Nope. The ORCP is updated biennially so the 2013 edition online at the Legislature’s Court Rules website is the current one.

The next ORCP will be the 2015 edition of the ORS (Oregon Revised Statutes), which will appear online in early 2016 (after the 2015 Oregon Legislative session). Sometimes there are “out of cycle” amendments, but they are rare. (See previous blog post on the subject: Out of Cycle Changes to Court Rules.)

The authority on all of this is the Council on Court Procedures. You can read the current ORCP at their website and also track proposed amendments.

Seven measures certified for Oregon 2014 ballot

KGW story: Seven measures certified for Oregon 2014 ballot

“Measure numbers for the November 4, 2014, general election ballot will be released August 1,” according to the Secretary of State’s website. But it looks as if you can see those numbers, and other information, from this PDF, which I linked to from that website.

Oregon Statewide Initiatives: How Many Signatures Are Needed? 116,284 or 87,213

From the Secretary of State’s “Make or Change State Law website“, as of today:

“The number of valid signatures required to qualify an initiative for the ballot is based on a percentage of the total votes cast for governor at the last election:

  • For a constitutional initiative, 8 percent (116,284) of valid signatures is required.
  • For a statutory initiative, 6 percent (87,213) of valid signatures is required.”

Link to the Secretary of State’s “Make or Change State Law: Statewide Initiatives, Referendums and Referrals” website.

If you’re like me, you’ve noticed how ill-informed most initiative signature gatherers are (however well-intentioned). They don’t know if the proposed measure is a statutory or a constitutional one and they have to dig and dig to find a copy of the actual measure. I don’t expect a lot, they are paid signature gatherers after all, not necessarily issue advocates. However, I do like to participate in the process and surely I should be able to get basic information about what may end up on the ballot.

How to Find State Law Comparisons, Surveys, and Compilations

This is a quick and dirty guide to free and not-free (usually subscription) databases for this kind of research; it is not a comprehensive list. (And novice researchers should be reminded that the same statutory language is not always used across states to accomplish the same purpose.)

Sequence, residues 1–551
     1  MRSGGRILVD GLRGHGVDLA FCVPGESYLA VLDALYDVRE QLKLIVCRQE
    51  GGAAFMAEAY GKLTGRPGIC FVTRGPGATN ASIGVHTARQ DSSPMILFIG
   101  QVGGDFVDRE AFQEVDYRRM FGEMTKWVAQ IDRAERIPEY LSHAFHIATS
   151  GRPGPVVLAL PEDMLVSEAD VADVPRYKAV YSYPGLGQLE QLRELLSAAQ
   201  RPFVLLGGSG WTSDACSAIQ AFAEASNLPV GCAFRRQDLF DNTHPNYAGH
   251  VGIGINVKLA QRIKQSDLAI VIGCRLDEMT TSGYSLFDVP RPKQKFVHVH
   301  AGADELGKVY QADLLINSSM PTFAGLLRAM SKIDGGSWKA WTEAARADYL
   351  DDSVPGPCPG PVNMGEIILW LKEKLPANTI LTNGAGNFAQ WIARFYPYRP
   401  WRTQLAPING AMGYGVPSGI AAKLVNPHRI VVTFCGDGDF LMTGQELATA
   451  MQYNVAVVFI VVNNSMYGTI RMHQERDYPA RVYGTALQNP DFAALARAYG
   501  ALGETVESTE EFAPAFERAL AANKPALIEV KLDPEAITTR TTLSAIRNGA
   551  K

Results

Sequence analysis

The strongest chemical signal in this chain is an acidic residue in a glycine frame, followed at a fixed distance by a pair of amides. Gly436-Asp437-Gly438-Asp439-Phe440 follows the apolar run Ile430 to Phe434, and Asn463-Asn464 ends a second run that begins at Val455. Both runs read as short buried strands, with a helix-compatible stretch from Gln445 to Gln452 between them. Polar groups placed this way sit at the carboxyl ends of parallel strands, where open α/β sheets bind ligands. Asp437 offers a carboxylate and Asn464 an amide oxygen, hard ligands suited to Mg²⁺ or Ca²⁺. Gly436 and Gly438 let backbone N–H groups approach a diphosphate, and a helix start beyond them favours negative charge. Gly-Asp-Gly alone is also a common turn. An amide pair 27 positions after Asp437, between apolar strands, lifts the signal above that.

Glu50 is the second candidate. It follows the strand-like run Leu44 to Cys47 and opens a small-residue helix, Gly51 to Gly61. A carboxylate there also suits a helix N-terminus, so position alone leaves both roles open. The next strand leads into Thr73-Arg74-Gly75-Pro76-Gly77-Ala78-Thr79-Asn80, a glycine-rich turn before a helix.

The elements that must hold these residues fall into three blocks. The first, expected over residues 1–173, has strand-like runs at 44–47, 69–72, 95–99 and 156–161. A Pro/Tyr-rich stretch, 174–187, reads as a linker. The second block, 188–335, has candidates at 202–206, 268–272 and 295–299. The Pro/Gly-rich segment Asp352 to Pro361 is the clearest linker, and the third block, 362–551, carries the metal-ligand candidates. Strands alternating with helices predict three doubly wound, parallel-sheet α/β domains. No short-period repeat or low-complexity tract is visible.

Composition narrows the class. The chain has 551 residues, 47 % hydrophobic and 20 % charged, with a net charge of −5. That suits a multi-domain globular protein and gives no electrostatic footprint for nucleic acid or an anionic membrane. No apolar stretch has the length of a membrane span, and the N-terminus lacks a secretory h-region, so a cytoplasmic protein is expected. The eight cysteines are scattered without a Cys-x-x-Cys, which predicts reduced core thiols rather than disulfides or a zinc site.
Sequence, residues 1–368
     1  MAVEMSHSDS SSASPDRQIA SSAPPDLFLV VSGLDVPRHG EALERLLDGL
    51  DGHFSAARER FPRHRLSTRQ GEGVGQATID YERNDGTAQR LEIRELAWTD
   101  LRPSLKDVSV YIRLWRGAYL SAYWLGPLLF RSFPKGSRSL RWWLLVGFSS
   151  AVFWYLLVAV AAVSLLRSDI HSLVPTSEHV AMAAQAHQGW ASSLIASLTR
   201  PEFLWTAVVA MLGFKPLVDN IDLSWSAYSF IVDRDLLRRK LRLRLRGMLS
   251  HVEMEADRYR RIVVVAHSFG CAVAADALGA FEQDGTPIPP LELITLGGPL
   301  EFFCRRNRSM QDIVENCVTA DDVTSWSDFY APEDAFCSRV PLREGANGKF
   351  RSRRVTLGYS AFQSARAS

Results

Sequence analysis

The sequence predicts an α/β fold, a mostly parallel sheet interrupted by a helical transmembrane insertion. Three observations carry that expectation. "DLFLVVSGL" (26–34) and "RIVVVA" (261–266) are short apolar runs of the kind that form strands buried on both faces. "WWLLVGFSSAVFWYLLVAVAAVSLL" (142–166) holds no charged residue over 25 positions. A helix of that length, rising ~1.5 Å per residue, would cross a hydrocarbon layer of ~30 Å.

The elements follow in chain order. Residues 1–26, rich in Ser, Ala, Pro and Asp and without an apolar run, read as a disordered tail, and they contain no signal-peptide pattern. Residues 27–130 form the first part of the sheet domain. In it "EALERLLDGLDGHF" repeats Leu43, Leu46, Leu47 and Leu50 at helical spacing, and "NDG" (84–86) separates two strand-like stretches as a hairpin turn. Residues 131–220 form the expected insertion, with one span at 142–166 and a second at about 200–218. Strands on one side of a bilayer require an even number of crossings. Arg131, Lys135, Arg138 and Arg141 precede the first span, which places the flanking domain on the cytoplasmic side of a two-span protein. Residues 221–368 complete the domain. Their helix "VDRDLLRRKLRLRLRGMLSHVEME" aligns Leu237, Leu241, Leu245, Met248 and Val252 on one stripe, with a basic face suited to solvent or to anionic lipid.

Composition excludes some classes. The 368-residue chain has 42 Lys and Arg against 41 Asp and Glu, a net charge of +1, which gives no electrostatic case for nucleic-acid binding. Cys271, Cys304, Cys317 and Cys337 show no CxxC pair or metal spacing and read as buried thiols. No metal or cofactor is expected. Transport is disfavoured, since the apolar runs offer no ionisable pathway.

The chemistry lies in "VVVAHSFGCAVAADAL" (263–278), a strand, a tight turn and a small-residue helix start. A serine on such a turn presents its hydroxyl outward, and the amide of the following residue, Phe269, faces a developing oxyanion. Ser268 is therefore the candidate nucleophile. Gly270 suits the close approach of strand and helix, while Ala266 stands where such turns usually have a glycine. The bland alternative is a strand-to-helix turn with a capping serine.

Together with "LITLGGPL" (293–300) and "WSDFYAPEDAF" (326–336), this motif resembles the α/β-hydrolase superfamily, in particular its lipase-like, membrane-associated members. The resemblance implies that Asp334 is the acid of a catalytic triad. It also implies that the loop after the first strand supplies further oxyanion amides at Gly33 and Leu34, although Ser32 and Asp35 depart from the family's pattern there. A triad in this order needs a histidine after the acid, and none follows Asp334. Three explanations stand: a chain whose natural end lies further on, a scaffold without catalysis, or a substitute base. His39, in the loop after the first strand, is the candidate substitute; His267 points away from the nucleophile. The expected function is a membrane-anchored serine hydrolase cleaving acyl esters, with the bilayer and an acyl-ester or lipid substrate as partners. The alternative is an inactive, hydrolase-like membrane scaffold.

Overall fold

NOT FREE, but priceless if you require thorough and fast research results:

  • The best and most comprehensive collection is Nyberg / Boast: “Subject Compilations of State Laws.” This collection is available in print (at some law libraries) and is now available online (HeinOnline), though not generally to mere mortals unless they have database privileges at a large law library or large law firm that subscribes. (But your local public librarian may be able to ask another librarian to run a search on a specific topic.)
  • There was also a book, not recently updated, but still useful, and maybe at your local libraries: “National Survey of State Laws,” by Richard Leiter (not updated regularly).

Superseded Oregon Revised Statutes (ORS) Appearing on Oregon Legislature Website: 1953-1997

Legislative Counsel have created an ORS Archives website where they will be posting the 1953-1997 ORS.  Currently the 1953-1957 statutes have been posted to the website:

Oregon Revised Statutes (ORS): 1953-1997 Archives

Remaining statutes will be posted as time allows and the Constitutions, Indexes, Prefaces, etc. will be added after all of the statutes have all been posted.

This has been and continues to be a laborious process and Legislative Counsel have been making steady progress – so tell your Legislators to thank their Legislative Counsel staff for this work!  It will save legislators, lawyers, legal researchers, law librarians, and clients both time and money.

(We had the easy work (relatively speaking) and “just” did the Gutbuster scanning; they had to contend with the Oregon Legislature’s bureaucracy. Oh my.)